County bans release of balloons, sky lanterns


St. Johns County Commissioners voted unanimously at its Jan. 18 meeting to prohibit the outdoor release of balloons and sky lanterns within the county.

In doing so, the board amended an ordinance that had been drawn up in 1988 to prohibit littering and the abandonment of cars on public rights of way within unincorporated areas of the county.

The ban applies to all balloons, regardless of whether they are made from rubber, latex, polychloroprene, nylon fabric or mylar.

Any release, even if unintentional, could mean a fine of up to $500.

The county’s ordinance is stricter that Florida statute, which only bans the release of 10 or more balloons.

Wildlife advocates have long opposed the release of balloons because they inevitably come down and are mistaken by animals for food. When an animal ingests a balloon, it can damage the digestive system, leading to starvation and death.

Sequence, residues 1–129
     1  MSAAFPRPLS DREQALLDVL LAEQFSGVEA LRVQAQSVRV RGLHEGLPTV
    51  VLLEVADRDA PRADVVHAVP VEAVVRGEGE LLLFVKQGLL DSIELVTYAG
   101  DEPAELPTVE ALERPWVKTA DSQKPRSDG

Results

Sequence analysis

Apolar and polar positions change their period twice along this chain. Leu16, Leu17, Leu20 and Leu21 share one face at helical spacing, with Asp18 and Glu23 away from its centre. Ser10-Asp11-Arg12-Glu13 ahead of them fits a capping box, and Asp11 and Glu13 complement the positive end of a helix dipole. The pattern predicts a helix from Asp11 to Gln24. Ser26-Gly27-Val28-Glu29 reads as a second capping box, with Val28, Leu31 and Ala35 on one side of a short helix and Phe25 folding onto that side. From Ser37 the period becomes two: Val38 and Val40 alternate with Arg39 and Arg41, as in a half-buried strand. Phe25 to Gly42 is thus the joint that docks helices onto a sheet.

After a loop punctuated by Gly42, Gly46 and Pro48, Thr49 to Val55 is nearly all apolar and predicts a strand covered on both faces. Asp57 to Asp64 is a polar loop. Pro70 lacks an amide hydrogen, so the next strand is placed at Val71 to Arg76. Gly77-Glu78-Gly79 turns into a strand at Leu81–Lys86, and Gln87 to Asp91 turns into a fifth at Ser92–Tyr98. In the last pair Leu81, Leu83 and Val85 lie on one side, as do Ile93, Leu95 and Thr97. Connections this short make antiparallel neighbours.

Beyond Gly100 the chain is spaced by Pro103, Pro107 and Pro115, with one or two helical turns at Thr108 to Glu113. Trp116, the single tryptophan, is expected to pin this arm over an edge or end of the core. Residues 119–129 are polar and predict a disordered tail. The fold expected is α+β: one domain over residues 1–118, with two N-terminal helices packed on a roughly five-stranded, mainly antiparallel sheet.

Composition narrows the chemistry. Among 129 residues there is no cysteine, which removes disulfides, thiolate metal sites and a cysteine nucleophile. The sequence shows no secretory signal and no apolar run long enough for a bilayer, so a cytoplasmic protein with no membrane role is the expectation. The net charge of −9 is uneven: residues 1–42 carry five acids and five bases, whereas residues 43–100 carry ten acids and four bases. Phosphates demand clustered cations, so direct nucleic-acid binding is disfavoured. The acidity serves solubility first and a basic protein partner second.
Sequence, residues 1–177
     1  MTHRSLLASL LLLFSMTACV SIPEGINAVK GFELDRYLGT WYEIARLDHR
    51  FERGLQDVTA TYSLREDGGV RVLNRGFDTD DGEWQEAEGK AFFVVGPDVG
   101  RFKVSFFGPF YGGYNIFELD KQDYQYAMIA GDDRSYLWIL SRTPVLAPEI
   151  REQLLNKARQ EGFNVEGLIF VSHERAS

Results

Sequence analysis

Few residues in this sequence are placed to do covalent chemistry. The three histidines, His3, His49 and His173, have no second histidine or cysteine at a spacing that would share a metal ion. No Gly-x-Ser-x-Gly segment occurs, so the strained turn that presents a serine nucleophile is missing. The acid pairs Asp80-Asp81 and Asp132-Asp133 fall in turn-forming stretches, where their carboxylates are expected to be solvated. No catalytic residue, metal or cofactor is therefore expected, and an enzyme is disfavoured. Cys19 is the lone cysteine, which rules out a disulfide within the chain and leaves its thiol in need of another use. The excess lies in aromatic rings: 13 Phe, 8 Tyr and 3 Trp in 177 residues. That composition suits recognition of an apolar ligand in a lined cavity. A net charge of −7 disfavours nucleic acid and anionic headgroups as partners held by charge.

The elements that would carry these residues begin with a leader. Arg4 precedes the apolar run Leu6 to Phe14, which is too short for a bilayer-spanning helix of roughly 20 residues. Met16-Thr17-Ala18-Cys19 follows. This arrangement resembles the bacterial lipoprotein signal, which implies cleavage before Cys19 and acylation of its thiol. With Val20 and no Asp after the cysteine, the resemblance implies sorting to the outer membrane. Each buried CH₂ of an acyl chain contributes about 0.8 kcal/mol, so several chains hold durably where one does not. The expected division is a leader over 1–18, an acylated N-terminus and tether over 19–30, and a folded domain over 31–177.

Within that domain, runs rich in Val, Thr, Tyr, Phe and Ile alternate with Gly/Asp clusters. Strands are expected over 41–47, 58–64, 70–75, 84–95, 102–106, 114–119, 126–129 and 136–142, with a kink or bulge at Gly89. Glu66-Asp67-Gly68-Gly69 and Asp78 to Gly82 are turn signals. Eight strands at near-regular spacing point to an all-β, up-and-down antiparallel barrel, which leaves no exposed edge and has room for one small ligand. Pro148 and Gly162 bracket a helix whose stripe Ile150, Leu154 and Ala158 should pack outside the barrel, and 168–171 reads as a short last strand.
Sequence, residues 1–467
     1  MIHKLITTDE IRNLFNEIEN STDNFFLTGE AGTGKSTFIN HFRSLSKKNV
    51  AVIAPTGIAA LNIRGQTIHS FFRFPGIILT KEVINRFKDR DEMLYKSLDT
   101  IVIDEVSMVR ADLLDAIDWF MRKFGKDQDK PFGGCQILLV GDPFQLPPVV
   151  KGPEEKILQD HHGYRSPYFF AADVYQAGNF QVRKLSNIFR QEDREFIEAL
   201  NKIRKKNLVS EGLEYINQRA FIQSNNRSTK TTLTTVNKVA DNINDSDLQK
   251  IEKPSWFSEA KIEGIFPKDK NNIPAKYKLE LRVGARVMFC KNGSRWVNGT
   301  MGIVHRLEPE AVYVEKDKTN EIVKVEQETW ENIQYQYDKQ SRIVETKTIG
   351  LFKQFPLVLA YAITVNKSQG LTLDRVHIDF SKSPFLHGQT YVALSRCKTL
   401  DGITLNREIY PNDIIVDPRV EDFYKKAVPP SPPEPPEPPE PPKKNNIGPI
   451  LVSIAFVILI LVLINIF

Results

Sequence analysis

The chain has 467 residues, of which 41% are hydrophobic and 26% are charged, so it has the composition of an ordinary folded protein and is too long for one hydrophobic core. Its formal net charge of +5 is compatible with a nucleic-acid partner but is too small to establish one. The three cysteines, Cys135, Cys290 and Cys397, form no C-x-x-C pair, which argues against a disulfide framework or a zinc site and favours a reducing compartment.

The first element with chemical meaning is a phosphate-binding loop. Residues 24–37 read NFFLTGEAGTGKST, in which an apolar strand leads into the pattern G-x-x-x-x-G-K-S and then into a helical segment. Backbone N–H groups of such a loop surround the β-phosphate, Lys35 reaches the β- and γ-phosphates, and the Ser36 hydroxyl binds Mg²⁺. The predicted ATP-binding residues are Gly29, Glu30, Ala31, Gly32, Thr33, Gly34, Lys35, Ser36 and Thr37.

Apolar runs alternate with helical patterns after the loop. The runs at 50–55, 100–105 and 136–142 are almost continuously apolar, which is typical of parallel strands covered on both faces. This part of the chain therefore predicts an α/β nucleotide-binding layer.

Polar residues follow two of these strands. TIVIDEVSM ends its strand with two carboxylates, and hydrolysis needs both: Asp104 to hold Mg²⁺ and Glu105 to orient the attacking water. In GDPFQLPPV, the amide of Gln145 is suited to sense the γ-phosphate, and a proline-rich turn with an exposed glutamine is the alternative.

In addition, animals sometimes become entangled in the strings tied to the balloons.

According to the county’s amendment, experts rate balloons as the single most deadly marine debris to sea birds and the third most deadly to sea turtles and marine mammals.

In addition to posing a risk to wildlife, mylar balloons have been known to cause power outages when caught on power lines, and balloons of any type may endanger aircraft.

Sky lanterns are similar to small hot-air balloons, typically a bag with a flame that heats the air inside it, allowing it to float into the air. One danger associated with sky lanterns is that, if they land on combustible materials, they can start a fire.

The National Association of State Fire Marshals has advocated for a nationwide ban on their release. In fact, Florida is one of 30 states to ban sky lanterns.

In addition, balloons and sky lanterns return to earth as litter.

The ordinance spells out two exceptions to its ban: balloons released on behalf of a government agency for scientific or meteorological purposes and balloons released indoors.